Breastfeeding Basics http://www.breastfeedingbasics.com/
When milk supply seems to be low, it can be a stressful thing for a new mother. As the body adjusts to the supply and demand of baby and as baby becomes a more proficient nurser, the breasts will appear to stop producing enough milk. No fear: the breasts are still producing enough milk to feed baby. They just aren't producing MORE than they need to, which causes leaking breasts and strong letdowns.
However, if the demand for the milk lessens (ie. returning to work or a baby going on a nursing strike), the milk supply will be reduced. Stress is a common reason for diminished supply. Also, a nursing mother who becomes pregnant may find her milk supply decreases as her body's hormones switch attention to feeding the new baby.
There are many ways to increase milk supply. The two most important ways are to nurse as much as possible and maintain the determination to breastfeed.
Reduce stresses. Try to relax while feeding. Nurse in a quiet room. This is your opportunity to relax for a bit. The simple act of relaxing will encourage letdown and there will be no distractions for baby to make him stop nursing before he's full.
Drink lots of water. A body that doesn't receive enough fluid intake is going to have a problem producing fluid! Drink at least a gallon of water a day.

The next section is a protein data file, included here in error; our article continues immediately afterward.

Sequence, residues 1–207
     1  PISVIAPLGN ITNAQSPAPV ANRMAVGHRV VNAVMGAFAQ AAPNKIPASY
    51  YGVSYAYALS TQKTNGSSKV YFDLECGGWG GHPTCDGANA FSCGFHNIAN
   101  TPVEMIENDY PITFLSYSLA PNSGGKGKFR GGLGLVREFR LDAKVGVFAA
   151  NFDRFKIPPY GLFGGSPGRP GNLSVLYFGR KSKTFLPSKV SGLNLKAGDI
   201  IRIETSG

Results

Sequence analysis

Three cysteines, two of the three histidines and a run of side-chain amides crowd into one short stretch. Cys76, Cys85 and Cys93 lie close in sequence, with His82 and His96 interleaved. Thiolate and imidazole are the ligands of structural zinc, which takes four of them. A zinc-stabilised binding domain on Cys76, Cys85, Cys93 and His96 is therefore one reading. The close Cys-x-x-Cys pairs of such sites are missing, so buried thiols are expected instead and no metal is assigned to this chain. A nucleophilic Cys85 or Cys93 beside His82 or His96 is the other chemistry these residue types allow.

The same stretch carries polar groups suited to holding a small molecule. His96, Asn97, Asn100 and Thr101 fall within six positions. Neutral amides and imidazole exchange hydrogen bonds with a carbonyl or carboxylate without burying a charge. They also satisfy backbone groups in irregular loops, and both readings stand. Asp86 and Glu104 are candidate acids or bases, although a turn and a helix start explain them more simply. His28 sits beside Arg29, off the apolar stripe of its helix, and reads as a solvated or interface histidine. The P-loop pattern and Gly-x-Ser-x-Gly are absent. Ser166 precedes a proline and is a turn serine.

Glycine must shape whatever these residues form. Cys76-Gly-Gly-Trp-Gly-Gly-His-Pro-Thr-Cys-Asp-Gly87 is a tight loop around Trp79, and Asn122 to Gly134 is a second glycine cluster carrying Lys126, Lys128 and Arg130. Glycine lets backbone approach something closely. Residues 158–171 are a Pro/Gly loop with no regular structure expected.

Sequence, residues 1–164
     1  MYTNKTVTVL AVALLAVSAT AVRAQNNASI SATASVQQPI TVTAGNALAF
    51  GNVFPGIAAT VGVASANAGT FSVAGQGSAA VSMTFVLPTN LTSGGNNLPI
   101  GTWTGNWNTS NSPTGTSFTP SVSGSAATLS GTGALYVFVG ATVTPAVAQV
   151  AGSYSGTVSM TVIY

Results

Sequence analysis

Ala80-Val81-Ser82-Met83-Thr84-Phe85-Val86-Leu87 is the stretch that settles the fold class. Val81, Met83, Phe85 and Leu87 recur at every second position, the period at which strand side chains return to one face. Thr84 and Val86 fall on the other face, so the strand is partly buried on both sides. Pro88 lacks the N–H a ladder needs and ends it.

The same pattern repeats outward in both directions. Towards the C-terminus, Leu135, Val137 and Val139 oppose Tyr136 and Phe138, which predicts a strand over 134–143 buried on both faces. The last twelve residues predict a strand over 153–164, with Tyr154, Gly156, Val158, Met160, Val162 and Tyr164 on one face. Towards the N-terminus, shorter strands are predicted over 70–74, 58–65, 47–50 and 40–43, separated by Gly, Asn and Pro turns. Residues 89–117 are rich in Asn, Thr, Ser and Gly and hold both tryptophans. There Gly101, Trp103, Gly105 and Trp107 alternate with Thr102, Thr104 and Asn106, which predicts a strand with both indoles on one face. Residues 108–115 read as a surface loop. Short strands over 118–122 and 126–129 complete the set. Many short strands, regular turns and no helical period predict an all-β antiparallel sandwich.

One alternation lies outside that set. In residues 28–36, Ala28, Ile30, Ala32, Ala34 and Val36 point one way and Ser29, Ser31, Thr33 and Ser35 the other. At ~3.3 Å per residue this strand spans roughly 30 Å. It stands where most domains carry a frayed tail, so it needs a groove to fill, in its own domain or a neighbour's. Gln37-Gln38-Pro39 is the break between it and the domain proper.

Massage your breasts. Babies will naturally knead the breast which triggers letdown. This will in turn cause the body to produce more milk.
Watch your diet. A diet that consists of fast food and lots of caffeine isn't good for you or baby. You will need lots of nutrients to provide a nutritious meal for your baby. Some foods can act like galactogogues (supply boosters), like oatmeal or flax seed.
Use natural freshly ground herbs. Fenugreek is an excellent herb to help increase milk supply. It is an expectorant and has no side effects other than causing your milk to have a maple syrup scent. Milk thistle is another great supply enhancer, though not as effective as fenugreek. You can also buy ready-made tinctures specifically for this, like Mother's Milk, or Mother's Milk Two for pregnant mothers who are nursing.
Remember! the BEST way to increase milk supply is to let baby feed on demand...often!
Bringing home your baby for the first time is one of the unexpected joys of motherhood. Introducing him to the dogs, the bed, the couch, the bouncy seat: it is fun to start doing all of those “firsts” with the baby! The comfort of being able to snuggle and nurse my boys in my own bed while watching Star Trek and drinking my tea (yes I’m a super Trekkie) was probably the best time for me. I spent days in bed just taking in every little bit of them while enjoying integrating them into my life and introducing them to the things I loved. Eventually though, you start to get back into your usual responsibilities and if you are anything like me, you may find yourself doing all sorts of crazy housework. If you have other children who are home, this “back to reality” may come even quicker. I had the luxury of my mother taking my oldest for a week after I delivered my second so that I could recover and not be quite so tired and sore while trying to handle two little ones. It was a huge help, but of course, I also missed my oldest and it was great to have him back home.